My Philosophy on Indian food put simply: less is more.

My Philosophy on Indian food put simply: less is more. 

By Harry Strouthous

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Have you ever tried to cook your favourite curry? So you searched your favourite chef’s recipe and found their version of the classic Chicken Tikka Masala or Butter Dahl curry (for you veggies), or you even purchased a great Indian cookbook, looked at the recipe and found at least a full page of different ingredients and spices? Even as a chef who loves to cook and spend time in the kitchen, I usually just close those sorts of books and think to myself “Yeah, I’ll just order in tonight”. As we have so many picky eaters in the world, it sometimes restricts us, chefs, from using the best ingredients. I have met a great deal of people who can’t stand eating chicken off the bone; this leaves chefs using chicken breasts, which doesn’t give maximum flavour and can dry out really easily when cooking.

So I wanted to put a stop to it. Not out of arrogance but because my dream is to create the best dishes, so I am going to use the best produce that will give you maximum flavour. But it doesn’t stop there, I can’t create the best with just the produce. I’ve had to learn for myself the best methods to get the most out of every ingredient that I use. Once I chose the equipment I wanted to use, (my 200 kg Tandoor oven), I then had to learn how to work one; controlling the heat of the Tandoor, how to cook meat in something that can heat up to 400ºC without it getting burnt (whilst not getting burnt myself). Then comes perfecting the recipe. So I asked myself: How can a British man perfect Authentic Indian food?

I’ve been blessed to cook alongside native Indians and Sri-Lankans when traveling all around Sri-Lanka where I understood that Authentic Indian food is nothing like the British curries we get in London and Birmingham. No matter where I go, I always get someone come up to me and say that my food isn’t proper Indian food because it doesn’t burn your tongue, leaving you sweating out, and drying your tears with a serviette. I have found that what makes a “proper curry” to some Brits has nothing to do with flavour, taste, and texture. It’s just a dish they use to show people how “macho” by ordering and eating the hottest curry they can find. They don't seem to be able to handle my homemade chili sauce though and that’s always fun to watch! Some people believe a curry has to have a lot of spices in it to make it a curry or taste exotic. The truth is, a curry can be whatever you want it to be, as long as you enjoy it.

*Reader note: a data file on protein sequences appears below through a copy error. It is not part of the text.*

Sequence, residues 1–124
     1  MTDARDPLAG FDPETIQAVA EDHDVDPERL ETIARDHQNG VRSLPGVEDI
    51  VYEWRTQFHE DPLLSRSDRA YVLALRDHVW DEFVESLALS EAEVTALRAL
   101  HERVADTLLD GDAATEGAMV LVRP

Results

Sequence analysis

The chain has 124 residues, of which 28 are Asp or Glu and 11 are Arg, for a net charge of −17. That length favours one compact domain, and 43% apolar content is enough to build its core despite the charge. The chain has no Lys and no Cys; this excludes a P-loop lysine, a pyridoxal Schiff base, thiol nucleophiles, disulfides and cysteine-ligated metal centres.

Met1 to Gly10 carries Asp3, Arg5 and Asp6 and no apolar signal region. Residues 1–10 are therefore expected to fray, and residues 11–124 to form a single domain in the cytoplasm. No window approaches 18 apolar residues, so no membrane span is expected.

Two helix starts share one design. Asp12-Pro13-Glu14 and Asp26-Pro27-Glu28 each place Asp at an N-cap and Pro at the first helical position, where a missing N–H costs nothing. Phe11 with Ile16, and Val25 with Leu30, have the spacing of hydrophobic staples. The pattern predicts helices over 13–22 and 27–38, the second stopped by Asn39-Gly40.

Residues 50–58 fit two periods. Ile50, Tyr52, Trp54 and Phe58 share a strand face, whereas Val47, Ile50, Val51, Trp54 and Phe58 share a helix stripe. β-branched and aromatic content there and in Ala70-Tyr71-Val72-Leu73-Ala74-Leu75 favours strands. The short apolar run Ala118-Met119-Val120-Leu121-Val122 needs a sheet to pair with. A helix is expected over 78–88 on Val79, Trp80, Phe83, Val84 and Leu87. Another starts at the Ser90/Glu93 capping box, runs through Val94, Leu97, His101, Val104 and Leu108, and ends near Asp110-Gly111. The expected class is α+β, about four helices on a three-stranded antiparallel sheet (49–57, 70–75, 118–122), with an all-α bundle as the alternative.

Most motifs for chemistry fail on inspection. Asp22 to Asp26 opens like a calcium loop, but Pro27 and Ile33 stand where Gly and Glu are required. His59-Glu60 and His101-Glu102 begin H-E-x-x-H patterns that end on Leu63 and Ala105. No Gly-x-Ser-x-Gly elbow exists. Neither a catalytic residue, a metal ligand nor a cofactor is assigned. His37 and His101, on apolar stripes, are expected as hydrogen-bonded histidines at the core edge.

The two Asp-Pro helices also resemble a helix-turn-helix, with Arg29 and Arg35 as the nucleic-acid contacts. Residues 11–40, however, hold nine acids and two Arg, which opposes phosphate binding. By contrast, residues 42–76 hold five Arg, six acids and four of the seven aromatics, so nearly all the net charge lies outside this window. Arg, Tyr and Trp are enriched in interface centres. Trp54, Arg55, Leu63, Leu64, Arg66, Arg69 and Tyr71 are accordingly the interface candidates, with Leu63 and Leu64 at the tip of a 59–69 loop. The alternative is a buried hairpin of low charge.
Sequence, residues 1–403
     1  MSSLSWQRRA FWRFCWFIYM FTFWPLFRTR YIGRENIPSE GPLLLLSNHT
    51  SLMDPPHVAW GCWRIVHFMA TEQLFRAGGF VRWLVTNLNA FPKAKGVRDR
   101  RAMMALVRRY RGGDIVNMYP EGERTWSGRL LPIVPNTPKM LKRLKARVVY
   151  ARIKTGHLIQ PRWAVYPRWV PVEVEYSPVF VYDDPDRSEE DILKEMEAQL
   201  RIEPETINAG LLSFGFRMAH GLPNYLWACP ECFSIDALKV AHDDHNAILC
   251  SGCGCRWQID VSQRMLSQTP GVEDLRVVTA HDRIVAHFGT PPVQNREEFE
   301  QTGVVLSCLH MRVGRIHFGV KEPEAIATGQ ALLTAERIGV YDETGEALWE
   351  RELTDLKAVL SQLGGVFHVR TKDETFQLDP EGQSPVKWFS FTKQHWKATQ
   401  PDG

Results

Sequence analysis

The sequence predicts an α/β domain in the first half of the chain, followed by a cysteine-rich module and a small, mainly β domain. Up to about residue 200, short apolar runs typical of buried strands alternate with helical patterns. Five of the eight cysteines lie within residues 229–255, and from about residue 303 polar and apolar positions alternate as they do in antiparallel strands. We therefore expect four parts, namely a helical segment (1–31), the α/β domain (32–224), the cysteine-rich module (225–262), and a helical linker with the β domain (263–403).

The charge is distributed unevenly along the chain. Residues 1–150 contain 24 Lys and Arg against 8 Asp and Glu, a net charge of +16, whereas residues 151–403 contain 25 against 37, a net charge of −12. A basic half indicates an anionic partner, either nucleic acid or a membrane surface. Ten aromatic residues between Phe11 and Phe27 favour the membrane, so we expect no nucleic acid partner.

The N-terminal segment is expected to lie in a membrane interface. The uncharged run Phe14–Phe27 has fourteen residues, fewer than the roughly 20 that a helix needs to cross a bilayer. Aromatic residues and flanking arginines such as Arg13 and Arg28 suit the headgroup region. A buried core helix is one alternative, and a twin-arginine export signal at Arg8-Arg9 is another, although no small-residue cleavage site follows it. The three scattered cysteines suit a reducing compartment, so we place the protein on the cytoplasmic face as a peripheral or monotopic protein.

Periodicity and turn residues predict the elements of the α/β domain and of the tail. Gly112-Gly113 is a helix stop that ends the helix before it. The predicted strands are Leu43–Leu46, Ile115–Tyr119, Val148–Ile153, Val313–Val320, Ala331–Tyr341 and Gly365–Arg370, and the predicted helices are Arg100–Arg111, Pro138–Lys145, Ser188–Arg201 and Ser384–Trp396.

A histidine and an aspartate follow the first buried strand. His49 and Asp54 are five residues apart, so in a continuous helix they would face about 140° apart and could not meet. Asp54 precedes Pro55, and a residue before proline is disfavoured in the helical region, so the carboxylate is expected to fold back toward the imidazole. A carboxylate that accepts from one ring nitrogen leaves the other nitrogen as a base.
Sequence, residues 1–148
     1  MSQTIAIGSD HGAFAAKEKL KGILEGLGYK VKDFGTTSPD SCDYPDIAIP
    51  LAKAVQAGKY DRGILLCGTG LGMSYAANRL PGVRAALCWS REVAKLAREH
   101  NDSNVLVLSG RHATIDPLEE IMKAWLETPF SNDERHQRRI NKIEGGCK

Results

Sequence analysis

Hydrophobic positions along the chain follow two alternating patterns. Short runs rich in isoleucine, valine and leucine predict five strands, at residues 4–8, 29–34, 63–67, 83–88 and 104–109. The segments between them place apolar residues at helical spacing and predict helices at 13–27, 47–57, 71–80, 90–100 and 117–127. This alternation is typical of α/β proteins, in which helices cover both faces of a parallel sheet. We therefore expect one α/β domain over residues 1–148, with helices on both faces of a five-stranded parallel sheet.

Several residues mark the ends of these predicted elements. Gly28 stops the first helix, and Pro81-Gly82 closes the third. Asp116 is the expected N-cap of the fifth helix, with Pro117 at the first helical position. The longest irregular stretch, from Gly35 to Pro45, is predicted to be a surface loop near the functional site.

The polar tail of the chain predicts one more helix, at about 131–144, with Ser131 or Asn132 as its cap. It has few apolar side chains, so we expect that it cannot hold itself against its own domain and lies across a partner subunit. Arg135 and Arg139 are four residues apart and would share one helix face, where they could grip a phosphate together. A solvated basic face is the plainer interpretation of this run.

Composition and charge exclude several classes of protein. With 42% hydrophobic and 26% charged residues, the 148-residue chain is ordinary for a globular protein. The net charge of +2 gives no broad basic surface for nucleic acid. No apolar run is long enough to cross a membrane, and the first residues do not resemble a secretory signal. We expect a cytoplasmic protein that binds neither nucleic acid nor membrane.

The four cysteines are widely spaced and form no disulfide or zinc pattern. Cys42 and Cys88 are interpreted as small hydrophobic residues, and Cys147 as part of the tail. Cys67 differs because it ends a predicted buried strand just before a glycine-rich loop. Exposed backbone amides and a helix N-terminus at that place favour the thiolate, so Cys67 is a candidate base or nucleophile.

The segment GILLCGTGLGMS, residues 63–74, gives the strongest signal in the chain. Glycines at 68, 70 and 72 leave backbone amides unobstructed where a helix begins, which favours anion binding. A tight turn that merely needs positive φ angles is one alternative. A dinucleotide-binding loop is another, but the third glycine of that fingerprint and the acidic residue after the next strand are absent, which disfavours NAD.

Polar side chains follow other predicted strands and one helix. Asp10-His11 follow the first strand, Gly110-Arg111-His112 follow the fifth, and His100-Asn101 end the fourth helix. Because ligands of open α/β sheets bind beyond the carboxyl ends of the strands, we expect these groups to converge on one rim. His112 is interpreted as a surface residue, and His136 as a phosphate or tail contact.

For me, curries aren’t just about flavour, they are about the whole experience. I personally enjoy food much better when I understand how much love and passion has been put into making it. When you watch Indians cook, they create a great atmosphere whether they’re cooking at home, in a restaurant, or on the street. You see the way they pour the ghee in that smoking hot pan on top of an open fire. If you look closely they aren’t just throwing everything in at once and *bang* you have a curry. No, they add things in at the right time in the right order. You'll see that they only have one or two dish options because they have perfected those dishes for generations. This is what I wanted to bring to the South of France: passion, love, theatre, an exciting atmosphere whilst giving you The Authentic Taste of India.

In India, the best food originates from what the poor people cook to survive. They can't afford a page full of spices and ingredients that you would see in your average recipe book. In fact, they wouldn’t really have names for their curries, they would just call it a lamb, chicken, or chickpea curry. Depending on what they have available, they would make it hot, sweet, mild, dry, or in a Masala sauce. I’ve also had the help of my dad, whom I have crowned my “official taster”, as he traveled India for five months in 1978, way before it became a tourist and commercial hotspot.

Throughout those five months, all he had was Authentic Indian food cooked by the locals themselves. Every single Indian dish I have cooked, be it curries or street food, he’s tasted. And if it wouldn’t take him back to India or if it gave him the feeling that the Indians would be insulted by what I created (even if it was good), I would try again and again until the day would arrive, when he would take a bite, close his eyes, smile and say: “That takes me back, that is proper Indian food”.

Another factor when eating from Harry’s Tandoor is that I encourage people to eat the Indian way… with their hands, without cutlery. Eating with your hands enhances the flavours. Cutlery changes the taste of your food when using silver, metal or even biodegradable cutlery. Of course, it’s not for everyone so cutlery is always provided at my events, but if you are looking for a complete Indian experience, I recommend eating with your hands.

I have mastered the way of getting the best out of each ingredient to get maximum flavour using a griddle pan or barbecue.

Here are some tips: Don't cook the meat all the way through on the barbecue. Simply caramelise it to get the flavours of the barbecue, which will then also be incorporated into your Masala sauce. Cook slowly it until it falls off the bone. If you follow these tips the meat will literally fall off the bone. Moister than an oyster!

Author: Harry Strouthous, Private Chef and owner of Harry's Tandoor offers private events in your home, in form of a buffet or fine dining, or puts on Indian Curry Nights  in venues across the Languedoc and Côte d’Azur region. If you have room for his Tandoor, and you’re brave enough to get involved he can create a very special and unique experience. 

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